Getting it right (and maybe getting it wrong) on the sales and community service fronts

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Little jobs done right can lead to big jobs. Conversely, (if the Facebook assertions here are correct) failure to complete community service or charitable commitments can result in unfortunately adverse publicity. Everything counts.

Daniel Smith, owner of Ottawa-based Right Angle Renovations and Strokes of Genius Painting, wrote these words on his personal Facebook thread.

When people ask me if we will entertain “small” painting jobs, I often tell them the true story of the powder room paint job that turned into painting of the entire house, which led to renovating their ensuite bath, which led in turn to remodeling their kitchen, which eventually turned into gutting and replacing their neighbor’s kitchen too… So at the end of the day, that well-done $250 paint job easily led to over $100K worth of revenue… And counting!

And guess what? Before I got there, someone else had turned it down.

In a comment, Smith added:

Well I guess the point is that once you’ve proven that you can be trusted to show up and do quality work, people usually don’t want to go anywhere else, so every tiny job is an opportunity to get your foot in the door. Hopefully not too much luck involved wink emoticon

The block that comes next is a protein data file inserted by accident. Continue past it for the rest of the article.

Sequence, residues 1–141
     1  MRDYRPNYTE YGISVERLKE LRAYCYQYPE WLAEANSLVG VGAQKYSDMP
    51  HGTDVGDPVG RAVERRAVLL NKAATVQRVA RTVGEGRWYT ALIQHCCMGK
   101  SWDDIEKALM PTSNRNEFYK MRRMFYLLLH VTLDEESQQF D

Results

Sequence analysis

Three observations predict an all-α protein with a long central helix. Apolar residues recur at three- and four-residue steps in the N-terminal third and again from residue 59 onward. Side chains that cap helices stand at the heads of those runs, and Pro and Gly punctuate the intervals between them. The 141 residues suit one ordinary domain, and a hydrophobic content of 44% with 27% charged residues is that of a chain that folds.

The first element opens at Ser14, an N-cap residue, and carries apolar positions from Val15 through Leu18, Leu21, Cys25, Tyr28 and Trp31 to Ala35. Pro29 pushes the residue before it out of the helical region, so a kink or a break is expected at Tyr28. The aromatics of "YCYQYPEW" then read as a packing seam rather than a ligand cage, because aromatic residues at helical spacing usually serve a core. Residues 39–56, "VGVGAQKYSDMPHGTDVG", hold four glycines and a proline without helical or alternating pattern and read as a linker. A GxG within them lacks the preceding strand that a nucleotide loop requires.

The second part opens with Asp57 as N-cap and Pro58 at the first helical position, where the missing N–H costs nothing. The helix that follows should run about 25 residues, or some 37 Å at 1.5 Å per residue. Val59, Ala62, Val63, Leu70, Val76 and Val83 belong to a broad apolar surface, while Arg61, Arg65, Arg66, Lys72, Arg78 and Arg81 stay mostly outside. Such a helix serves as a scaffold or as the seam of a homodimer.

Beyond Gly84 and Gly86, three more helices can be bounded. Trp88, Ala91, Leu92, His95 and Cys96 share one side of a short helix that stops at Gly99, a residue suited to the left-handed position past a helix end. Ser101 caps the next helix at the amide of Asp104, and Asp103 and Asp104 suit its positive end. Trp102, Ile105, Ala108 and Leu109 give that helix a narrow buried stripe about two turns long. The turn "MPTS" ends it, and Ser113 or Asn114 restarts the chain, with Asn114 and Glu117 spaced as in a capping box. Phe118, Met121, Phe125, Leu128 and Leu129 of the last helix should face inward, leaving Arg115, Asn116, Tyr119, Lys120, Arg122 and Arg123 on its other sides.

There are several messages underlying this story, especially the critical transition (and relevance) point between marketing and selling.

Effective marketing can attract the right kinds of clients to your door, but in the end, your delivery from the sales through completion stage defines your ultimate marketing success.

In this story, Smith recounts his responsiveness and recognition that small initial orders should not be treated lightly — they can in many cases be the precursor to much more work, both repeat and referral. Delivering the little details right on the small initial jobs can, if executed properly, lead to much more high volume work later.

Of course, what goes round comes round. Your marketing will always be much easier and more effective when you over-deliver on your promises (and on client expectations) and so your delivery should always be front and centre in your marketing thoughts.

There’s another perspective on this story, if you read the Right Angle Renovations’ recent Facebook reviews.  These touch on the issues of charitable and community service commitments and the problems that can arise if you don’t handle them properly. (In follow-up communications, Daniel Smith has given a different perspective of this situation.  It seems there are very much two sides to the story. See his comments.)

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